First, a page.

Model Training

I split the labelled dataset into a training/validation cohort with 80% of the data and reserved 20% for model testing. I trained a number of model architectures and used overall accuracy on the testing dataset as a metric to compare models. I used Keras v2.24 with a TensorFlow v1.5 backend for model implementation. I used data augmentation with random scaling, rotation, and horizontal flips during model training. The following architectures were tested.

Comparison of model performance

Model 4, which had two fully connected layers with 512 units each, performed the best with 92.99% accuracy. There is certainly room for some improvement here but I started to run into memory constraints on my GPU with deeper networks so for now I settled with this performance. I was pleasantly surprised that I achieved ~93% accuracy with a relatively simple network configuration.

Detecting Patients With Myelopathy

So for I have tested the model on individual T2-weighted axial slices and have achieved 93% accuracy at identifying spinal cord compression. However, I have not yet demonstrated that the model would be useful in a real clinical setting.

In the real world patients can present to their primary-care physician with a wide variety of symptoms that may be suggestive of cervical myelopathy. These patients will often undergo an MRI of the cervical spine. Specialist radiologists then interpret the MRI scans and identify abnormal scans, which can be a laborious and time-consuming process.

I wanted to determine if the model would be able to distinguish between healthy patients and patients with confirmed diagnosis of DCM. I used a dataset of 32 healthy control patients that underwent MRIs of the cervical spine. I also used the 179 patients enrolled in the DCM-International and DCM-North American studies that had a confirmed diagnosis of cervical myelopathy. The model was not trained on any of these images. I thus had two cohorts of patients that I would attempt to classify with the model:

  • Healthy Control — 32 patients
  • Cervical Myelopathy — 179 patients

For each patient I applied the convolutional neural network model on each T2-weighted axial slice. The model output a class prediction for each slice. The number of slices per patient ranged from 18–82 with a median of 43. I used a simple threshold to generate a patient-level prediction. If the model identified >1 slice as showing spinal cord compression the patient was labeled abnormal.

Confusion Matrix of Results
Table 2 — Performance Characteristics of the Model at distinguishing between healthy and diseased patients based on a cervical spine MRI.

The model was able to distinguish between patients in the healthy control cohort and the diseased cohort with high sensitivity (0.9665) and high specificity (0.8529).

Predicting Surgical Outcomes

Patients with degenerative cervical myelopathy are often treated with surgery, especially if they have moderate or severe symptoms. Most, but not all, patients have an improvement in their symptoms with surgery. Others have attempted to develop clinical prediction models to predict outcome after surgery for DCM. This paper used a logistic regression model to predict clinical improvement after surgery based on pre-operative age, duration of symptoms, disease severity, psychiatric comorbidities, impairment of gait, and smoking status.

I hypothesized that I would be able to predict surgical outcome in the cohort of 279 patients by combining pre-operative clinical variables with radiographic features automatically generated by the model.

I used the modified Japanese Orthopedic Association (mJOA) score to measure surgical outcome. The mJOA is commonly used by experts in the field. An mJOA score of 15–18 indicates mild myelopathy, 8–14 indicates moderate myelopathy, and 3–7 indicates severe myelopathy. Previous studies have established an improvement in the mJOA by at least 2 points as being a ‘clinically significant’ improvement. I labeled patients who improved by at least 2 points in the mJOA at 6 months after surgery as ‘clinically improved’ after surgery.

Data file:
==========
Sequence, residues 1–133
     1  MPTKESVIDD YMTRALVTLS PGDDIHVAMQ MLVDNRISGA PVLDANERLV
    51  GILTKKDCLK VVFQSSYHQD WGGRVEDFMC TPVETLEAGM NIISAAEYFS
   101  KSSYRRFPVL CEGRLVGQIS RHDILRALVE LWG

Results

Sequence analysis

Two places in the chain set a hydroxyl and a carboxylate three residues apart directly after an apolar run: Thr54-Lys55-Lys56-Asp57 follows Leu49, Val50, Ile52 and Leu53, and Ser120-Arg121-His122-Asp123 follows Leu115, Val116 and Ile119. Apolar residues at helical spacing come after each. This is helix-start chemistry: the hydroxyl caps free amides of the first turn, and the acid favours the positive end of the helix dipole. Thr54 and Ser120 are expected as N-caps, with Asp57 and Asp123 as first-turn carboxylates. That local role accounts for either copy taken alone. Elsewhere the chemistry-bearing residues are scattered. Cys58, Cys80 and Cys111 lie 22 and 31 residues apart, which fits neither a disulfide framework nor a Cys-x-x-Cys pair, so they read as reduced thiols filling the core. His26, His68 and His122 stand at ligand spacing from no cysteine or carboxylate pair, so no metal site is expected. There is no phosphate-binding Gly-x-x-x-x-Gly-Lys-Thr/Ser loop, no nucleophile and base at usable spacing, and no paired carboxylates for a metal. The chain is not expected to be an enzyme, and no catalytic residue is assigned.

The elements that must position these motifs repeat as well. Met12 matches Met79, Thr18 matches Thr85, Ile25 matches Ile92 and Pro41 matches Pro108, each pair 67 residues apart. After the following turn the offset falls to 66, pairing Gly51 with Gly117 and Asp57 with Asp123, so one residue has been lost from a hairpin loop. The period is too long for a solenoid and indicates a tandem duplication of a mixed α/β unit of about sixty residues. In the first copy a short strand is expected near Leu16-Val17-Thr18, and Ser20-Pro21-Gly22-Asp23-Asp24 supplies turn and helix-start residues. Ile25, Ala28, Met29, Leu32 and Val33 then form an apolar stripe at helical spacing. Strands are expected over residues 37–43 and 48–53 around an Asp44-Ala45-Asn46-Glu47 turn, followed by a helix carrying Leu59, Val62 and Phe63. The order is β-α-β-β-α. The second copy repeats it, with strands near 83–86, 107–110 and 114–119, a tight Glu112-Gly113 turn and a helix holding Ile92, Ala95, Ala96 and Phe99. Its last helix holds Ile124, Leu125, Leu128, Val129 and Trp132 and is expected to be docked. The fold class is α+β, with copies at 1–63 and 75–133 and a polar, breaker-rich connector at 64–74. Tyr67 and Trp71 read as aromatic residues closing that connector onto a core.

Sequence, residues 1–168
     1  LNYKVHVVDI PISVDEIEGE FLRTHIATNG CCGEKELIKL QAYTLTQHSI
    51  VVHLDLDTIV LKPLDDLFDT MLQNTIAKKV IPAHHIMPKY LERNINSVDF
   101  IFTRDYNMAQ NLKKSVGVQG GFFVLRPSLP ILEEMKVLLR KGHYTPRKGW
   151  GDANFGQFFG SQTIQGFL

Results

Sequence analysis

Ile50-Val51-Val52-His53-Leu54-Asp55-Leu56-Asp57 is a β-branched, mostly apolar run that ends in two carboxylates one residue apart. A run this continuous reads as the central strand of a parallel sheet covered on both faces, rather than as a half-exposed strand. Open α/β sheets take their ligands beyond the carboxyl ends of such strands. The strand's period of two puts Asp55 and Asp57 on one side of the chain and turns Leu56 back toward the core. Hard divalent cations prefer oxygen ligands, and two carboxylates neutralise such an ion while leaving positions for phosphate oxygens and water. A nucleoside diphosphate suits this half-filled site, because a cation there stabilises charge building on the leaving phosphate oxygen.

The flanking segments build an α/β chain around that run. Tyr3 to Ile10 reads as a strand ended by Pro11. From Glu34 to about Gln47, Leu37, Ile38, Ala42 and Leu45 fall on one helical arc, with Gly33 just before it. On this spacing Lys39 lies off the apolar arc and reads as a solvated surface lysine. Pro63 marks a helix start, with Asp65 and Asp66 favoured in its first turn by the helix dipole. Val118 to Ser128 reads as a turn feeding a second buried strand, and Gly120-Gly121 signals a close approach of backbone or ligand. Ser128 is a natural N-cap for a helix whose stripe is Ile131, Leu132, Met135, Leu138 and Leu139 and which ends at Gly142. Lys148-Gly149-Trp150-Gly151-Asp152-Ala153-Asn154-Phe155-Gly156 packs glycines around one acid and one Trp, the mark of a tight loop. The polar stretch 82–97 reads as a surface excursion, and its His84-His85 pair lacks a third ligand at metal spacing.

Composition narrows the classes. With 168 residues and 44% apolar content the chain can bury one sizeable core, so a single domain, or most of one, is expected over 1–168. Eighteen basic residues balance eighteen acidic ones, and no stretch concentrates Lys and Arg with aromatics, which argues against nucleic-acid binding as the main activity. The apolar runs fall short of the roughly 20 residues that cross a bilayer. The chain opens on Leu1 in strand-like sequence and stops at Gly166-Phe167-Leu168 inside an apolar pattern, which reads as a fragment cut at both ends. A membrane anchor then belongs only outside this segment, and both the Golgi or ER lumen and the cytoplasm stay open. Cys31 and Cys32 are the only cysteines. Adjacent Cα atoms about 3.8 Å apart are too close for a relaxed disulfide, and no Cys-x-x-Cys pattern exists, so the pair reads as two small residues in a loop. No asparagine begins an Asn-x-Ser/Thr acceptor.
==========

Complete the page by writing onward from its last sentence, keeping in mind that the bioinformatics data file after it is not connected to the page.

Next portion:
Clinical Features

  • Pre-operative mJOA score
  • Duration of symptoms prior to surgery
  • Age
  • Weight
  • Height
  • Pre-operative gait impairment
  • Height
  • Duration of hospital stay
  • Lhermitte phenomenon
  • Bilateral sensory impairment
  • Hoffman sign
  • Gender
  • Hand atrophy
  • Motor weakness
  • Spasticity
  • Hyperreflexia
  • Smoking status
  • Marital status
  • Education
  • Operation length

Radiographic Features

For each patient I applied the convolutional neural network model on each T2-weighted axial slice. The model output a vector of class predictions for each patient. I then generated a number of summary features from the vector of class predictions.

  • Percent of the cervical spinal cord with spinal cord compression
  • Mean value of the positive class probabilities
  • Standard deviation of the positive class probabilities
  • Skew of the positive class probabilities
  • Kurtosis of the positive class probabilities
  • Location of the maximum compressed segment.

I trained a random forest model to predict surgical outcome at 6 months. I trained two models — one with just the clinical features, and a second with the clinical features and the automatically generated radiographic features. I split the data into a 75% training/validation cohort and 25% testing cohort. I tuned both models using a grid search strategy. I then trained the models using 10-fold cross-validation and compared performance on the testing dataset between the models with the area under the ROC curve.

Comparison of area under the ROC curve on the clinical features only model and the clinical + radiographic features model
The top 10 features from the clinical + radiographic features model out of 23 total features.

I ranked the 23 features used by the clinical + radiographic features model based on the feature importance. Out of the top 10 features used by the model, 5 were radiographic features.


  • I used a dataset of 5635 labeled MRI images from 110 patients to train a deep convolutional neural network to detect cervical spinal cord compression. I achieved high (93%) accuracy on this classification task.
  • I tested the model on a dataset of MRIs from 179 patients with cervical myelopathy and 32 healthy control patients. The model identified patients with cervical myelopathy with high sensitivity (97%) and specificity (85%).
  • I used the model to generate radiographic features for the patients in the dataset. I incorporated these radiographic features to improve a clinical prediction model to predict patient improvement 6 months after surgery.
  • The deep learning model could be used in a primary care setting to rapidly interpret cervical spine MRI scans and flag patients with abnormal MRI scans for further review.